Interventional cardiology

Caution urged over extending TAVI to lower risk patients


New research suggesting that transcatheter aortic valve implantation could be extended to lower-risk patients with aortic stenosis should be treated with caution because of the absence of long-term data, an expert says.

While recommending the procedure for lower risk patients is already gaining traction overseas, Associate Professor Ravinay Bhindi, interventional cardiologist at Sydney’s Royal North Shore Hospital said the roll out of TAVI in Australia has been ‘guarded’.

“Whether that’s a good or bad thing is up for debate,” he told the limbic in an interview.

“TAVI has a very strong indication for people at high risk for an operation and has a moderate or reasonable indication for those who are intermediate risk for an operation… but we haven’t got the data at present to say that TAVI valves perform as well as surgical valves over 10-15 years, which is the average life of a bio prosthetic valve,” he said.

Dr Bhindi was referring to a recent meta-analysis in The BMJ involving 3179 patients, most of who were aged over 80 years, that found TAVI was associated with better outcomes than SAVR in terms of mortality, stroke, acute kidney injury and bleeding over a median follow-up of two years.

However, TAVI was associated with 18 more instances per 1000 patients of moderate to severe symptoms of heart failure than SAVR, the permanent insertion of 134 more pacemakers per 1000 patients and seven more aortic valve reinterventions over the short term.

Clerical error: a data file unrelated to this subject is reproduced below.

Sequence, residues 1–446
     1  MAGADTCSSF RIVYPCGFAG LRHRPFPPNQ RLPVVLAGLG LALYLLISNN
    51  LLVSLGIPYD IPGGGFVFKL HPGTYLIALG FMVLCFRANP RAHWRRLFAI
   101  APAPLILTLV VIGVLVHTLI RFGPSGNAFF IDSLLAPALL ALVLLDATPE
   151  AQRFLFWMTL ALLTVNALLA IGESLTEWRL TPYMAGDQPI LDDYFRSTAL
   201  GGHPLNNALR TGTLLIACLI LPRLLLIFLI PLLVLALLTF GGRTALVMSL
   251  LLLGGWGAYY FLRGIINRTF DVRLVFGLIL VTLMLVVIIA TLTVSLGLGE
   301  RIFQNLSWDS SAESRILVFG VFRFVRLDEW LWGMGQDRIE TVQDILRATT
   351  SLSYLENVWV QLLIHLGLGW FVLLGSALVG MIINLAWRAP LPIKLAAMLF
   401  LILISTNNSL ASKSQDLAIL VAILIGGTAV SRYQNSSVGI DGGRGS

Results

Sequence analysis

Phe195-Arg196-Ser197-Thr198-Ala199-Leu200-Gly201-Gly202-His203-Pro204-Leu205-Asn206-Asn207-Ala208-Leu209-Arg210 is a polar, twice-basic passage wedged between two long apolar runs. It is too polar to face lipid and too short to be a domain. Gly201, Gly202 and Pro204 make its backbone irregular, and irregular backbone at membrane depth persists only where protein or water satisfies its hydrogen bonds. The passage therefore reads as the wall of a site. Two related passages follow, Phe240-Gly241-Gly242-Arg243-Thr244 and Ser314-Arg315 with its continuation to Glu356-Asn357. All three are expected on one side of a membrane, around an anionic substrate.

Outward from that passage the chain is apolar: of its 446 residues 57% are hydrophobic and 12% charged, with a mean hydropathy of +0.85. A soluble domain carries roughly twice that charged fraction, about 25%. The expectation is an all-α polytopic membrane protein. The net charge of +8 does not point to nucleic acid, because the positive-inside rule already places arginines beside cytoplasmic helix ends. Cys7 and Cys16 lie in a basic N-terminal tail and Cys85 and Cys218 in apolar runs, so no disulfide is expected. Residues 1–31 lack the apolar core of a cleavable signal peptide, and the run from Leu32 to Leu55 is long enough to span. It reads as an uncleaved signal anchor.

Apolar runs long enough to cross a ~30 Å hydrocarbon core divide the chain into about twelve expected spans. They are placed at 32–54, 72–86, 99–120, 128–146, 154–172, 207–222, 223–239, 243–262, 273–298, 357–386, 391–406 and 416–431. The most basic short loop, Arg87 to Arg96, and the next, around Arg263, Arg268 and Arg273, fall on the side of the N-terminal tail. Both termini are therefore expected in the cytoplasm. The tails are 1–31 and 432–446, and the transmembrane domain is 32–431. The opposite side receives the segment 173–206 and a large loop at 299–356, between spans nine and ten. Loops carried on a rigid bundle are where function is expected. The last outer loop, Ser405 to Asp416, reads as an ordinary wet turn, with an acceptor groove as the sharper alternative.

According to Professor Bhindi, there are a number of other concerns about overextending the procedure to patients who are well suited for SAVR including aortic paravalvular regurgitation, high rates of pacer dependence particularly with younger patients, and native valve calcifications.

“There are now strategies and techniques that minimise these issues but these are still significant issues,” he noted.

“If you’re going to drop risk then you want to have a valve that will not have much paravavular regurgitation, that doesn’t have a high pace maker rate and that you know is at least as durable as the surgical equivalent.”

But he also acknowledged that selecting patients for either TAVI or SAVR based on surgical risk scores is problematic. While indications used in those risk scores are reasonable, he said they are not supported by evidence-based clinical trials.

“The entirety of risk is relative, someone could be low risk but they could be frail and you don’t score points for frailty on the surgical risk score,” he added.

“Ultimately a heart team is central to any discussion relating to TAVI and the heart team has to evaluate a myriad of factors in this process,” he told the limbic.

The procedure is limited in Australia because it does not have a MBS reimbursement code attached to it. The relatively small numbers of procedure that are performed are funded either by state governments or by individual hospital budgets, Professor Bhindi said.

He estimates that the Royal North Shore Hospital performs around 70 procedures each year.

In a meeting held in May this year the Medical Services Advisory Committee (MSAC) recommended the government support public funding for TAVI in patients determined to be at high risk for surgical aortic valve replacement or to be non-operable.

“The selection of a patient for a MBS-funded TAVI procedure must have been determined through an accredited TAVI multi disciplinary heart team (MDHT) … and assessment of cognitive function and frailty must included as part of any MBS item descriptor,” it said in its meeting notes.

It has also imposed a mandatory requirement for a national TAVI registry that will allow yearly patient outcome analysis.

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